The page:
I’ve been thinking a lot about counseling. And by thinking, I mean imagining myself sitting in a brown leather chair opposite a person who vulnerably empties themselves of their worries and cares. I listen, and at the end I grasp for some piece of wisdom to throw in their direction and hope that it sticks. So I’ve done that. Imagining. I’ve also done some google searches, clicking on rabbit trails, but only going a hop or two down them…not far enough to lose my original search page. And then I’ve talked to several people here who’ve entered the counseling sphere in some significant way.
-side note. As I’m writing this, a spider’s making his way across the floor in my direction. So pardon me if I seem distracted….ooh, he’s fast.-
These are all good steps, necessary ones, in testing out this possible career path. I’ve happ’d upon the idea of getting my masters in counseling in a circuitous way. But to sum up, I love people and their stories. And I want to help them as they live out their stories. Often I feel I don’t have the necessary tools to help, but I do believe I have the heart. I yearn for one-on-one settings…I prefer them over large gatherings. Back in college, among the normal activities harassing the pages of my personal planner such as “theater meeting, study group, go grocery shopping, chapel, and classes” were “hangout with [insert your name here]”. Coffee dates, lunch dates, walk dates, you name it. It was an essential then, and I still love it now. I long for it and look for it. I want to love people through my listening and my words.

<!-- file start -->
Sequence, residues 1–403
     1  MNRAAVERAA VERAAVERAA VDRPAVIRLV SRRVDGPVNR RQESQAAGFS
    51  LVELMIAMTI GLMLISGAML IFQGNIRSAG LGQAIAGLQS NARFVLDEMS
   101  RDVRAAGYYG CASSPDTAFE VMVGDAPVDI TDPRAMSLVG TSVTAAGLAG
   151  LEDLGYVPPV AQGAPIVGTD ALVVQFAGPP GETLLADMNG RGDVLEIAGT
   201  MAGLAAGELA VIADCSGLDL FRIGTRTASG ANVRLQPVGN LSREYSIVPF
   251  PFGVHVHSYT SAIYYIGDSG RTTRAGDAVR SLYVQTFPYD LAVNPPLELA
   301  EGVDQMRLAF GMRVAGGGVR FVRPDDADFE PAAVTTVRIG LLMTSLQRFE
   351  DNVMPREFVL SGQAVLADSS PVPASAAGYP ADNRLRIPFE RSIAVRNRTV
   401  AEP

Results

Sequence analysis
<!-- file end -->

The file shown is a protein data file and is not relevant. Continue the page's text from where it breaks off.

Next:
I finished reading Inside Out by Dr. Larry Crabb a couple days ago. It’s repetitious, yet eye-opening. He calls us out as a culture that is paralyzed by pain. Our attempts to minimize pain are futile though. We’ll never experience a complete quenching of our “thirst” this side of heaven. So why avoid it? He believes that once we accept the disappointment, we can take the necessary steps to draw nearer to God:
“Repentance leads us into an experience of our disappointment and aloneness that crushes us with a pain that cannot be relieved. But when we trust God in our helplessness enough to move toward other people simply because that is God’s will for us, then the reality of His compassion slowly begins to enter our soul. As we walk a path that seems to lead toward death, a sense of life quietly grows within us” (199).
Several of you are counselors/pursuing degrees in the subject. I would love to hear your thoughts in response to these questions that are bobbling round at the moment:
- What are the positives/negatives of a counseling program at a seminary?
- What are the positive/negatives of a counseling program at a secular institution?
- Would being a “Christian” counselor be more limiting? More freeing?
- Which type of counseling to pursue? Guidance counseling versus family/marriage counseling versus social work?
Only three more weeks of L’Abri. Of this “Shelter.” It’s my hope that I’ll be reading as many books and asking as many questions back home as I do here. Remind me, okay? Thanks friends.
Some recent pics:
Gio came to visit for a few days!
An informal lunch at Bellevue. Heya Will!
Yummy pasta dish.
Relaxing before the meal.
A Wheaton/Regent couple came to visit and hold lectures for a week. Little Rowan just loved the camera.